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Did Cerberus really have only three heads?

Fire, floods, and exploding windows


We’ll get to the week in climate hearings in our next post, but first let’s provide some context for our returning members of Congress, in particular House Republicans, who are gearing up a month of attacks on climate finance and socially responsible investing.

In Italy, the fossil-fueled anticyclone Cerberus rears his scorching heads:1

Temperatures in Italy could get close to breaking a European record set in 2021 as a fierce heatwave grips much of the continent.

An anticyclone – an area of high pressure – named Cerberus will cause temperatures to exceed 40C (104F) across much of the country by Wednesday, with the islands of Sicily and Sardinia predicted to bear the brunt at 47-48C.

Naming the anticyclone after Cerberus, the three-headed monster-dog that in Greek mythology guards the gates to the underworld, was not a coincidence, the meteorologist Stefano Rossi told La Stampa. Cerberus appears in Dante’s Inferno, where it guards the third circle of hell.

“Metaphorically, the three heads indicate the three main climatic zones into which Italy will be divided,” Rossi said, adding that humidity levels would be “skyrocketing” and that nighttime temperatures would not drop below 22C.

So far, we have not yet found a Heracles or Orpheus with the power to subdue such a beast.

The European death toll from the record heat is likely to exceed last summer’s, which was not small. “Searing heat killed more than 60,000 people in Europe last summer, scientists have found, in a disaster made deadlier by greenhouse gases baking the planet,” Ajit Niranjan writes.

It’s also deadly hot in Arizona, home to Sen. Kyrsten Sinema (I-Ariz.) and GOP nutjobs like Reps. Paul Gosar, Andy Biggs, and Debbie Lesko, as well as Democratic climate hawk Raúl Grijalva.

Over the weekend, the National Weather Service issued a warning about forthcoming further excessive heat in an already scorching month, even by typical US desert standards. The warning covers the entire Phoenix metro area and beyond in Arizona, and it will remain in effect until at least Sunday.

You can read Ben Geman and Andrew Freedman’s take on the record-shattering heat in the Axios Generate newsletter, sponsored by Chevron propaganda.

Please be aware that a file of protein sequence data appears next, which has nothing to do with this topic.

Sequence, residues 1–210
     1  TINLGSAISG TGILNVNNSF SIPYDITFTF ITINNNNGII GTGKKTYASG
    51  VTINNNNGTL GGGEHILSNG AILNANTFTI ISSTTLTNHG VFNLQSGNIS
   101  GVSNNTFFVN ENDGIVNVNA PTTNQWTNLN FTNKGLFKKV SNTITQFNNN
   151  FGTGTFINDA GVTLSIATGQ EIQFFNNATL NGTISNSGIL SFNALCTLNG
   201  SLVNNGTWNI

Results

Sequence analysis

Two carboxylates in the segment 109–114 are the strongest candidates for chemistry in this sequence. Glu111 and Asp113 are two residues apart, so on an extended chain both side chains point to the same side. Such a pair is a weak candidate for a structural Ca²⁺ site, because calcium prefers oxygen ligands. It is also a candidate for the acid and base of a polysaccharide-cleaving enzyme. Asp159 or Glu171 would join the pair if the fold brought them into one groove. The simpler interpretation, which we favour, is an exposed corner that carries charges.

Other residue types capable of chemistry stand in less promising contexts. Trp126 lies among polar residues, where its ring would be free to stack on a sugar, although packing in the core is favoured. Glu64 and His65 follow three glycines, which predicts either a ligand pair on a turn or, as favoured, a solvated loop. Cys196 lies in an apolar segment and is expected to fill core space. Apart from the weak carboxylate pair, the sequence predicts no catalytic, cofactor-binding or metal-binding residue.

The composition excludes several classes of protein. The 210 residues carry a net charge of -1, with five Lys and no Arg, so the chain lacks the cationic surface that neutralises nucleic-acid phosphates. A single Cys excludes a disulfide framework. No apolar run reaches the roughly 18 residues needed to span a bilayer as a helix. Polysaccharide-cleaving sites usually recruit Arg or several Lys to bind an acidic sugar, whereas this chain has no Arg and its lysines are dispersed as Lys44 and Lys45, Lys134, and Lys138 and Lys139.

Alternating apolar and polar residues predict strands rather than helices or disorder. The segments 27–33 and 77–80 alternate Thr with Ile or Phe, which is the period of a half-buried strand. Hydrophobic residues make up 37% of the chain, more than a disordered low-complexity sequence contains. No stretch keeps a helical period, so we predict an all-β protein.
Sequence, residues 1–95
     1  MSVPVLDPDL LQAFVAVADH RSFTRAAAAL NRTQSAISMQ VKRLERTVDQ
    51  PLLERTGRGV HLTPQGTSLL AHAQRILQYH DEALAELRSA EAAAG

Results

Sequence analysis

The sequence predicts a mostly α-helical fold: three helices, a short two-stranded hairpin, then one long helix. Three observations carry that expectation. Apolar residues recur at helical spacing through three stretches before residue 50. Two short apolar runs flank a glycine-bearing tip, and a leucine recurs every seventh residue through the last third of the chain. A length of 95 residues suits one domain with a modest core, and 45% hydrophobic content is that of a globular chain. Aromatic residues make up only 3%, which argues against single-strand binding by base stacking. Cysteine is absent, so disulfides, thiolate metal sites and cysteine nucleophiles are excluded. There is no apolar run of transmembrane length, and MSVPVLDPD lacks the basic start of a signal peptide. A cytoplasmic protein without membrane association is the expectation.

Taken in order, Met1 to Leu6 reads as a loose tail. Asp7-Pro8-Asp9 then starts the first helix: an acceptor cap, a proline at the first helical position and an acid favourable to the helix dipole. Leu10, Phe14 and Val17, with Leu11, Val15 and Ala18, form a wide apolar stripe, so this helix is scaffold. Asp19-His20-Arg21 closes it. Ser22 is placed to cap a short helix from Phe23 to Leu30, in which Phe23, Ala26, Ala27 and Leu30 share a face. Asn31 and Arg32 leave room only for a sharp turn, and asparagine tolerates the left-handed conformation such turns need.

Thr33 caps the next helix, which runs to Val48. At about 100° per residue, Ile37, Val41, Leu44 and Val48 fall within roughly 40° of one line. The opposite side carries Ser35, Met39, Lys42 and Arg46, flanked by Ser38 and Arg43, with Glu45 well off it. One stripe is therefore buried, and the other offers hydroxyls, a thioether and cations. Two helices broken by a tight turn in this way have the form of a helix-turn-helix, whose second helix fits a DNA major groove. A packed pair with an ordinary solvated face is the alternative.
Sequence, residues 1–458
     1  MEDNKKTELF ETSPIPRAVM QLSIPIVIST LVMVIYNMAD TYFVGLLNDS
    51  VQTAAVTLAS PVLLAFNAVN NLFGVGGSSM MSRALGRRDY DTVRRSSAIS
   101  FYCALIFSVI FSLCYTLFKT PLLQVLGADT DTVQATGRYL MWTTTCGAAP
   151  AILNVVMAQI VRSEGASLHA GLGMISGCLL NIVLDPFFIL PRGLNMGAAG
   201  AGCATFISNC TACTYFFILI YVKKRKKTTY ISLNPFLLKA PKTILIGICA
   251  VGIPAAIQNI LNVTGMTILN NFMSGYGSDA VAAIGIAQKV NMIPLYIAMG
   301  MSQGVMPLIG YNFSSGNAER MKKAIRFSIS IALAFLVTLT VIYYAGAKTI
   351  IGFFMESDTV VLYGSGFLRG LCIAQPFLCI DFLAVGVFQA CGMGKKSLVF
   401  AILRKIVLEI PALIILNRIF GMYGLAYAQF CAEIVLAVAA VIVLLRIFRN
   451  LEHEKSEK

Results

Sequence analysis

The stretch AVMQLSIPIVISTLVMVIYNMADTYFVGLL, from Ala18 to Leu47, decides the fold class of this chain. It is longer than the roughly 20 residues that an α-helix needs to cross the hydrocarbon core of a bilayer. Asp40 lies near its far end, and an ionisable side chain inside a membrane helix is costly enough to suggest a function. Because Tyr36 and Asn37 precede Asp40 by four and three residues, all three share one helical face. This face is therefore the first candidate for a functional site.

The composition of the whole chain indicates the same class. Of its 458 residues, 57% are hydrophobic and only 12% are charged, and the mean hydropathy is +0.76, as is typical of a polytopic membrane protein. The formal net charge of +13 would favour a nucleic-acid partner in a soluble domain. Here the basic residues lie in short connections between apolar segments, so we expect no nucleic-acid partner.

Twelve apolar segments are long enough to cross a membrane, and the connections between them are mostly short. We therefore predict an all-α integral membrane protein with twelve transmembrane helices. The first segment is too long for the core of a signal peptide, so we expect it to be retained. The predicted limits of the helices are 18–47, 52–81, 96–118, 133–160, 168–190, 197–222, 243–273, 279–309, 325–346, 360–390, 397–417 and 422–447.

Or you can read Jeff Goodell’s take on the record-shattering heat in the New York Times opinion pages, sponsored by propane propaganda.

Meanwhile, starting Sunday night, the heavens opened on New York’s Hudson Valley and the Green Mountains of Vermont, leading to catastrophic flooding that is ongoing as I write.

Rescue teams raced into Vermont on Monday after heavy rain drenched parts of the US northeast, washing out roads, forcing evacuations and halting some airline travel. One person was killed in New York as she was trying to leave her home.

Vermont’s capital, Montpelier, was completely flooded. The Army Corps of Engineers is planning to release “unprecedented quantities of water” from the Townshend and Ball Mountain Dams on the West River in southern Vermont, threatening the towns along its route, including Brattleboro. Also, a dog show was canceled.

One victim of the floods was the New York Times’s new Climate Forward newsletter writer, David Gelles, whose Hudson Valley home was inundated by rain in the middle of the night. Gelles is replacing Somini Sengupta, who is taking a summer sabbatical before returning to the climate beat with more long-form reporting.

Heavy rain sends mud and debris down the Ottauquechee River. Credit: Jessica Rinaldi

The snow crab vanishes. “Alaska news is full of climate elegies now — every one linked to wrenching changes caused by burning fossil fuels,” writes Julia O’Malley.

The tufted puffin vanishes. “A warmer ocean, and certainly a suddenly warmer ocean as happens during an El Niño or a marine heat wave, will result in the death of hundreds of thousands to millions of marine birds within one to 6 months of the temperature increase.” Julia Parrish, a professor of aquatic and fishery sciences at the University of Washington relates.

A remarkable bit of reporting from James Bruggers on life in West Virginia’s longwall coal zone:

“We woke up one morning and we heard a pop, and we thought somebody shot the window. The window exploded. Later in the day, another window exploded.”

I’m sure Sen. Joe Manchin (D-W.Va.) will be holding a hearing soon.

Now let’s check out ball sports:

On Wednesday, the first round of the Wimbledon Tennis Championship was disrupted by a pair of elderly Just Stop Oil protesters, the first of whom “ran onto the court throwing confetti from a picture-puzzle box featuring an image of Wimbledon's famed Center Court.” Just Stop Oil has promised to keep up protests until the UK government ends all new oil and gas exploration.

In a tamer protest, Extinction Rebellion activists mocked Wimbledon’s sponsorship by Barclays, which continues to invest heavily in fossil-fuel projects.

Michigan Republicans are sure having a good, normal time these days: “He kicked me in my balls as soon as I opened the door.”

Hearings on the Hill:

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1 In his Theogony, Hesiod said Cerberus had fifty

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